Wednesday, December 27, 2006

Democritus and the January Sales.

I am slowly returning to my books. At the moment I am reading THE RIVALS by Michael White. This is a very interesting book about rivalry in science and extremely well-written. The introduction took me on a rapid journey through the birth of science and introduced me to a man called Democritus who died in 370 BC. He had an atomic view of matter. Nothing, he said, is ever made from nothing - which must be a way of stating the conservation of mass. Unfortunately the ideas of two slightly later Greek philosophers, Plato and Aristotle, were more influential. Their semi-mystical and egoistical idea that man was at the centre of everything held back scientific thought for a couple of millennia. The church found that Aristotle's ideas blended comfortably with their own and consequently anyone like da Vinci, Copernicus or Galileo who were inquisitive and tried to find better explanations of how the world worked had to be careful otherwise they would be dubbed heretical and, like Bruno in 1600, condemned to death. It was only at the beginning of the twentieth century that Democritus's ideas were revisited.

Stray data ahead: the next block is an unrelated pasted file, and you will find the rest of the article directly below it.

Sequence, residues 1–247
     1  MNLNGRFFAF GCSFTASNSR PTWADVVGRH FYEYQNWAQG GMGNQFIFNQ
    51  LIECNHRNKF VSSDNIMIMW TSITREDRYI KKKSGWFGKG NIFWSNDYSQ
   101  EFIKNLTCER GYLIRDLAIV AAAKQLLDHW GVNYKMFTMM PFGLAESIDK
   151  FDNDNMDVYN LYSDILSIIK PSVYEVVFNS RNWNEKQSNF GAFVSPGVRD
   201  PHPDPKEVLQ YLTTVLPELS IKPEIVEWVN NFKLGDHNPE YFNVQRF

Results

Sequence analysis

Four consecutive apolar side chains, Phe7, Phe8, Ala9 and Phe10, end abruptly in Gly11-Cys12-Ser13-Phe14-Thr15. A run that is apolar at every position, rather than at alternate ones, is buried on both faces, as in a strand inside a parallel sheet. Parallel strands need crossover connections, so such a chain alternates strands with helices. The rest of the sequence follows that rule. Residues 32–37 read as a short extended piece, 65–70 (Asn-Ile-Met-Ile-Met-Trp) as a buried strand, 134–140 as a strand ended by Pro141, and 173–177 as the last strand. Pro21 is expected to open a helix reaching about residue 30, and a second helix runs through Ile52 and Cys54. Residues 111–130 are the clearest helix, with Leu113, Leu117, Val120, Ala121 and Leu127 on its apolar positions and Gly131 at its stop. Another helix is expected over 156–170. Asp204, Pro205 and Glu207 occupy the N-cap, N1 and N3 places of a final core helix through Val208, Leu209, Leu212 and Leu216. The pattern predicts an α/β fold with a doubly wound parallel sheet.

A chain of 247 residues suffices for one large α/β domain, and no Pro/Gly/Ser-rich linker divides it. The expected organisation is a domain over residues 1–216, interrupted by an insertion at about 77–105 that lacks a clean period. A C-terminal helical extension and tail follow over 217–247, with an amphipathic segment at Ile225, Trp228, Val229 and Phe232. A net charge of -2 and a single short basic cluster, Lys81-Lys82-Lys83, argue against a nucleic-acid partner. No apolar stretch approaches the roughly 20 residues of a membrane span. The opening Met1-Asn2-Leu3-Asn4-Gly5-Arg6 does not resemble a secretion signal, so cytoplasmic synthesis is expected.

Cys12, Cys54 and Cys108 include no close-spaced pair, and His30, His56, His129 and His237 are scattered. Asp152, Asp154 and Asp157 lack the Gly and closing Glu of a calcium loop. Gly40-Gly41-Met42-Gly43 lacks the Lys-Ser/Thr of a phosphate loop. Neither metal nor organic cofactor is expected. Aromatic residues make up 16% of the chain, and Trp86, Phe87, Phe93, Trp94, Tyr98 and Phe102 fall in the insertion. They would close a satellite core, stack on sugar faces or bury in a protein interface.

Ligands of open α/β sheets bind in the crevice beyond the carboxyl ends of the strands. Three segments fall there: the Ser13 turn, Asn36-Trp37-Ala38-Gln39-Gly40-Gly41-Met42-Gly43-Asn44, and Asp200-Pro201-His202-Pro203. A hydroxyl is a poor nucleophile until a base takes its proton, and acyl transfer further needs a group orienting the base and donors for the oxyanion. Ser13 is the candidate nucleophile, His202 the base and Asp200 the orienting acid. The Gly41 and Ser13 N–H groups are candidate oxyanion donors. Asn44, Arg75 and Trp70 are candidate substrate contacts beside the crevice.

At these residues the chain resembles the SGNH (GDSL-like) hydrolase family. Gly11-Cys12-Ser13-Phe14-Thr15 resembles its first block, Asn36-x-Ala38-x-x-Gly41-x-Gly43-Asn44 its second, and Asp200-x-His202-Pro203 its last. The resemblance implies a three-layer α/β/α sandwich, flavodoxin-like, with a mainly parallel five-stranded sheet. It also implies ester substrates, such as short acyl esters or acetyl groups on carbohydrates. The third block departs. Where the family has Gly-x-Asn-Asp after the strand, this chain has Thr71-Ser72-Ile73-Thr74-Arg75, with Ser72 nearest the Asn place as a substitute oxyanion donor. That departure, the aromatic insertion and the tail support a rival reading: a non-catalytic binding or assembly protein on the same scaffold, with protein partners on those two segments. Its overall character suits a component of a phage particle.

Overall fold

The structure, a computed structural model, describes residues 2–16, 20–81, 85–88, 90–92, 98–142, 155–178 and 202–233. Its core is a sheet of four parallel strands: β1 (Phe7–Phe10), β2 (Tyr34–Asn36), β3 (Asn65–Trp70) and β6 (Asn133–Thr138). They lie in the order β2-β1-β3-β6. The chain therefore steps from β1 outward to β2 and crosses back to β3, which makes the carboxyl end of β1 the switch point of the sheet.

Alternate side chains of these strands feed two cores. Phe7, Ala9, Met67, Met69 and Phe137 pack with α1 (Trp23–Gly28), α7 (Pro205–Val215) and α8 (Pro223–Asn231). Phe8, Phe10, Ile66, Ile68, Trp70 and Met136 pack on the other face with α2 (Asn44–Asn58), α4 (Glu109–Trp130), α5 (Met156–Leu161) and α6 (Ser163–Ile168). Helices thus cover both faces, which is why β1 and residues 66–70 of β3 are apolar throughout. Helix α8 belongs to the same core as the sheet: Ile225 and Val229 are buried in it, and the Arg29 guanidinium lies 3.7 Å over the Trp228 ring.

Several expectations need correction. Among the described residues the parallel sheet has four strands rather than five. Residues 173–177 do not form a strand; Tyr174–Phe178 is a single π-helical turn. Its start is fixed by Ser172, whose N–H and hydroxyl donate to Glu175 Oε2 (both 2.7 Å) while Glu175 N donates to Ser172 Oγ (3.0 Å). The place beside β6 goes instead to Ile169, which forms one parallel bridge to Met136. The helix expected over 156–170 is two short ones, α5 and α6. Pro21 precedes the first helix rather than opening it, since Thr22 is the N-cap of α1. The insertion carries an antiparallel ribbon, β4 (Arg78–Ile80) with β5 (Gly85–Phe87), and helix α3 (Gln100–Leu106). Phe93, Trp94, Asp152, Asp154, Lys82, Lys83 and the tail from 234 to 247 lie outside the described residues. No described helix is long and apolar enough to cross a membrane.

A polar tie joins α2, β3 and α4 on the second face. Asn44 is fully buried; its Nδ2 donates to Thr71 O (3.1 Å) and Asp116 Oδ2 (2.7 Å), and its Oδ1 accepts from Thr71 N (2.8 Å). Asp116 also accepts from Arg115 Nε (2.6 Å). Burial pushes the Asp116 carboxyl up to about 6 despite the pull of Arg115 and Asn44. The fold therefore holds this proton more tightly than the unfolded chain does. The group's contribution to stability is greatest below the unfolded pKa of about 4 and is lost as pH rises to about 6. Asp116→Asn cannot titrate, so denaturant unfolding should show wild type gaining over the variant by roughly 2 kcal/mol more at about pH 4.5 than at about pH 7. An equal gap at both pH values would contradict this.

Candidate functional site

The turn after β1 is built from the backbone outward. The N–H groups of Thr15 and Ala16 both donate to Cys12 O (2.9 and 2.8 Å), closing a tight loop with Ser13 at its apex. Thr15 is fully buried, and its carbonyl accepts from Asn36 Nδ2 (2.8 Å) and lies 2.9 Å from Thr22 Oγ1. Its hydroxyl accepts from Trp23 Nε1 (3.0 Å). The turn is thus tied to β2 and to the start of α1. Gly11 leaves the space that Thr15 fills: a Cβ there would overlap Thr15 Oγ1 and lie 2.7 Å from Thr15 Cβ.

Everything is formed from atomic collisions, Democritus said, and everything is interrelated. His ideas seem astonishingly modern and I keep wondering why he is not better known. This interrelation between everything that happens I find quite haunting. It is as if the universe is diffused with something like spider web and everything we do, everything that happens, sets the spider web vibrating in a new and unique way. Every breath, every movement causes the world to change. Most of the time it is just slight and inconsequential, but just occasionally I suppose it can be catastrophic.

Today, for instance, I got up early for the sales. It was strange shopping before dawn. At 8am there were already people waiting - huddling around doorways in the dark, just their faces lit by the Christmas decorations still twinkling inside the shops. I thought of Democritus's atoms. For about ten minutes we waited, the numbers slowly swelling, and a rough queue forming down the road in front of the main shops; while on the other side of the big glass doors the security guards stood, as if watching for a signal, then finally throwing switches to allow the automatic doors to open. The we surged in together.

All of us together can strip a shop. All of us acting together can warm a planet. Small individual changes make big global changes. We are like Democritus's atoms changing everything around us. It is at the same time humbling and terrifying.


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